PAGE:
• Prof James Beckman, Germany
        April 24, 2018 at 1:19 pm

        A wonderful counter-example, Robert. Unfortunately the official Muslim bodies here, at a national or local level, seldom publicly criticize violence. Instead the police are forced to surveil the more extreme preachers for possible ejection on the basis of incitement to violence. One could say the same of the current American President as well, although ejection is unlikely.
        With knives suddenly becoming popular–perhaps a dozen publicly observed uses in the past six weeks, the post-WWII pushing another’s shoulders in anger has given way I expect to some Germans illegally carrying firearms. I don’t think many consider this a desirable situation.

      • April 25, 2018 at 10:04 am

        Immigration is a topic that has prompted study and struggle (sometimes violent) since the creation of the modern nation state. For example, in the US, almost since the nation’s founding Americans and their legislators have weighed the benefits of welcoming new citizens from around the world against the benefits of restricting immigration, monitoring the activities of the foreign born in the United States, and narrowing the path to citizenship. One line of debate and conflict focuses on the issue of political influence and, specifically, the fear that foreigners within the United States promoted political radicalism. Today, we can add religious radicalism to this area of concern. With the Alien and Sedition Acts of 1798, the U.S. Congress and President John Adams sought to limit the influence of the French Revolution by deporting certain immigrants and closing immigrant-owned, opposition presses on the grounds of treason. When the Alien and Sedition Act was found unconstitutional by the Supreme Court and never enforce, like today deportations were made covertly and presses were closed based on a variety of local “tax and safety” concerns. In the late nineteenth century, immigration laws specifically forbade entry to any suspected anarchists; Communists would be targeted later in the twentieth century; Moslems are now the focus in US immigration debates about exclusion. Immigration also raised concerns about depressing wages for workers and taking jobs from Americans. Finally, debates over immigration included questions of cultural difference and on changing expectations of how foreign-born people should adapt to and participate in American society. The period from 1870 to 1920 saw the largest number of immigrants enter the US in the nation’s history. Studying that period reveals how each of these areas of concern was discussed, fought over, and eventually settled. We’re now in a period of high immigration again. The old solutions have been forgotten, if the current generation of policy makers ever remembered them considering their ignorance of and unconcern with history.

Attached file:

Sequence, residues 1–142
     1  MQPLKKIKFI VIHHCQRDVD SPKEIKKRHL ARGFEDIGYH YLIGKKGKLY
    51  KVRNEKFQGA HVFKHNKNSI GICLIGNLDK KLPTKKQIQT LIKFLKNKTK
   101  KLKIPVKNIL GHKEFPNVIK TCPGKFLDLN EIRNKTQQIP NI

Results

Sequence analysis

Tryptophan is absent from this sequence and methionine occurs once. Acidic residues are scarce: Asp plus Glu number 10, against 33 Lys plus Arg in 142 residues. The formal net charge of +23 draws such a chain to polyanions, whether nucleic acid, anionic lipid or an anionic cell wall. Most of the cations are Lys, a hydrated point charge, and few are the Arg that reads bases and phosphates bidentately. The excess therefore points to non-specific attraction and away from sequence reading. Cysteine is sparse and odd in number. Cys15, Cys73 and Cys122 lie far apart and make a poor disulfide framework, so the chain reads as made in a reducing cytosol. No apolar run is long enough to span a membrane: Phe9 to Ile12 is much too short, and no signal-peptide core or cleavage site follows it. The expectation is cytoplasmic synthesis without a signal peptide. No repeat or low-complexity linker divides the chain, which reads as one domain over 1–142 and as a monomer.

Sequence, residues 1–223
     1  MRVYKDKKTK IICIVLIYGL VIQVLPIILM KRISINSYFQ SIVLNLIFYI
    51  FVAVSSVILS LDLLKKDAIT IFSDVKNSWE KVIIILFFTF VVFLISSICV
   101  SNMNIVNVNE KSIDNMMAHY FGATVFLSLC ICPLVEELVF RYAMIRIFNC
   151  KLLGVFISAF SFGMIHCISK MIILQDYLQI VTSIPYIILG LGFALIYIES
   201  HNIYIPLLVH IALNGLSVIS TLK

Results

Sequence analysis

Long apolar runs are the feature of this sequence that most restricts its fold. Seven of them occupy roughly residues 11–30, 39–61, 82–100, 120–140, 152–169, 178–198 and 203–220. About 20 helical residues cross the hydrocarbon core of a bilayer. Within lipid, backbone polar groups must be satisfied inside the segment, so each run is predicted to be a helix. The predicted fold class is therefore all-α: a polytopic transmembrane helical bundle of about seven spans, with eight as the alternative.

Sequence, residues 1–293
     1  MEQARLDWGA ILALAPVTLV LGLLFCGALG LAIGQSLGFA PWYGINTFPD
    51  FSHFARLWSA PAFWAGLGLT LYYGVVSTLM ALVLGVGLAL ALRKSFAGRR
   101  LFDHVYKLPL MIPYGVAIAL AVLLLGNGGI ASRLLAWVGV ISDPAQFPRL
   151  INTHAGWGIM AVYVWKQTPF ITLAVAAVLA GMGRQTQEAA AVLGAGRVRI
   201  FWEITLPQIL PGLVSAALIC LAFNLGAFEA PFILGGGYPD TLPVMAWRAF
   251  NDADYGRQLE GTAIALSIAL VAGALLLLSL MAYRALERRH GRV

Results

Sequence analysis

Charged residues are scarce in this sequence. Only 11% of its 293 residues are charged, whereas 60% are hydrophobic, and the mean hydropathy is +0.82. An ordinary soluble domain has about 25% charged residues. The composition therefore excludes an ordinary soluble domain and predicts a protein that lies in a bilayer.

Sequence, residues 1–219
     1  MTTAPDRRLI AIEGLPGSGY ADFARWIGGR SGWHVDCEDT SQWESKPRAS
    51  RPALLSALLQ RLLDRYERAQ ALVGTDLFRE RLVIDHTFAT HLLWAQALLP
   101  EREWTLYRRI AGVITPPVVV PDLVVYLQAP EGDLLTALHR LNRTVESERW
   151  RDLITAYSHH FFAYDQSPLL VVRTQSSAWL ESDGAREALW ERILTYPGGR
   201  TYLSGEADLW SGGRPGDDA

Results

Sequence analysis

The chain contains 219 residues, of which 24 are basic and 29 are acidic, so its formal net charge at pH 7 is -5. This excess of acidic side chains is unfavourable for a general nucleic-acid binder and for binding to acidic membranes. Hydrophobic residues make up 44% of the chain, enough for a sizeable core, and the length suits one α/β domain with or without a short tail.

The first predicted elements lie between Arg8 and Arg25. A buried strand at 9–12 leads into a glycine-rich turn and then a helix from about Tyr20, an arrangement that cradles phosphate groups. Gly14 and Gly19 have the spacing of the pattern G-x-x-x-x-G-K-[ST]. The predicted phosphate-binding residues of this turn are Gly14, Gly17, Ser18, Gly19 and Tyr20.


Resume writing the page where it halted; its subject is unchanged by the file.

These issues remain the most discussed and fought over in not just the US, but also all over Europe in the face of vast waves of immigrants displaced or threatened by war, famine, despotic regimes, or great fear for personal survival. What answers are now being offered for the issues, in the US, Germany, and elsewhere?

      • Prof James Beckman, Germany
        April 25, 2018 at 11:20 am

        Ken, California has benefited from immigration in agriculture, show business, tech & global business. Germany, concerned in part about its large number of retirees, is doing much the same by inviting refugees as well as virtually anyone who seems able to find work. Most of my Indian MS engineers want to stay–at least for a few years– and I have about 100 Chinese engineers who are beginning to ask if they should return shortly to their single-child parents or try life in a German tech firm similarly for a few years.
        The upside for global economic growth/stability are enormous, but we also know we must take care of our domestic populations, it seems to me.

  10. April 23, 2018 at 2:49 am

    Poverty and homelessness exists because:

    – human needs like housing, clothing, food and education are treated as commodities which is a bundle of legal rights
    – every individual or household must possess a bundle of legal rights in order to exchange for other legal rights
    – legal rights come into existence only when another or others accept the legal duty which corresponds to the legal right
    – legal rights therefore are not infinite or limitless, but are limited by the willingness of others to accept such a duty
    – the economic aim and necessity of everyone is to remain solvent, i.e. own more legal rights than is owed in legal duties otherwise they can’t fulfill the law
    – because every legal right must have a corresponding duty it is not mathematically possible for everyone to be solvent
    – more permanent legal rights (such as real estate, business etc) legally require more legal rights in order to maintain them, i.e. insurance costs, taxation, profits etc
    – therefore, flows of legal rights (such as income) are always attracted toward stocks (shares, bonds, real estate) of legal rights
    – legal rights travelling in the opposite direction (redistribution of wealth) are only ever temporary and will always be pulled back in the other direction
    – the closer to the wealthy end of the chain the more legal rights and corresponding legal duties are required per ring in the chain